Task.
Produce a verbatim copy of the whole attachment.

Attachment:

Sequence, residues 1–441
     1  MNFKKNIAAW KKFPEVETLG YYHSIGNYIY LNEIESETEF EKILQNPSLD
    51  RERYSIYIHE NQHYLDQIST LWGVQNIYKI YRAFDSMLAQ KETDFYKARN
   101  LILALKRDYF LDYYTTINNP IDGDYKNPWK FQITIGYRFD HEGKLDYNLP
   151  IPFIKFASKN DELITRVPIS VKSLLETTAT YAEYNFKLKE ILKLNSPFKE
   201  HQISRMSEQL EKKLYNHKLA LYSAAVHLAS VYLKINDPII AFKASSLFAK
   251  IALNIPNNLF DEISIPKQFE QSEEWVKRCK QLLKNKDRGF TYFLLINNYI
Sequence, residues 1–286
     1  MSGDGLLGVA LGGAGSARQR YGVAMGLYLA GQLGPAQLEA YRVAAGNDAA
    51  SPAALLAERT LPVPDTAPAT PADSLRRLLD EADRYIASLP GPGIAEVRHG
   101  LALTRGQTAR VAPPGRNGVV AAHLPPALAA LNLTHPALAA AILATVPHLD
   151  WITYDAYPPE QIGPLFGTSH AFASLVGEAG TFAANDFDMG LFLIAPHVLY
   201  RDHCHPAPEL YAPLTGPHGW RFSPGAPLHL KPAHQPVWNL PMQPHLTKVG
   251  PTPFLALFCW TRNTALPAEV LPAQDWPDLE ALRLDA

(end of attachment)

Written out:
Sequence, residues 1–441
     1  MNFKKNIAAW KKFPEVETLG YYHSIGNYIY LNEIESETEF EKILQNPSLD
    51  RERYSIYIHE NQHYLDQIST LWGVQNIYKI YRAFDSMLAQ KETDFYKARN
   101  LILALKRDYF LDYYTTINNP IDGDYKNPWK FQITIGYRFD HEGKLDYNLP
   151  IPFIKFASKN DELITRVPIS VKSLLETTAT YAEYNFKLKE ILKLNSPFKE
   201  HQISRMSEQL EKKLYNHKLA LYSAAVHLAS VYLKINDPII AFKASSLFAK
   251  IALNIPNNLF DEISIPKQFE QSEEWVKRCK QLLKNKDRGF TYFLLINNYI
Sequence, residues 1–286
     1  MSGDGLLGVA LGGAGSARQR YGVAMGLYLA GQLGPAQLEA YRVAAGNDAA
    51  SPAALLAERT LPVPDTAPAT PADSLRRLLD EADRYIASLP GPGIAEVRHG
   101  LALTRGQTAR VAPPGRNGVV AAHLPPALAA LNLTHPALAA AILATVPHLD
   151  WITYDAYPPE QIGPLFGTSH AFASLVGEAG TFAANDFDMG LFLIAPHVLY
   201  RDHCHPAPEL YAPLTGPHGW RFSPGAPLHL KPAHQPVWNL PMQPHLTKVG
   251  PTPFLALFCW TRNTALPAEV LPAQDWPDLE ALRLDA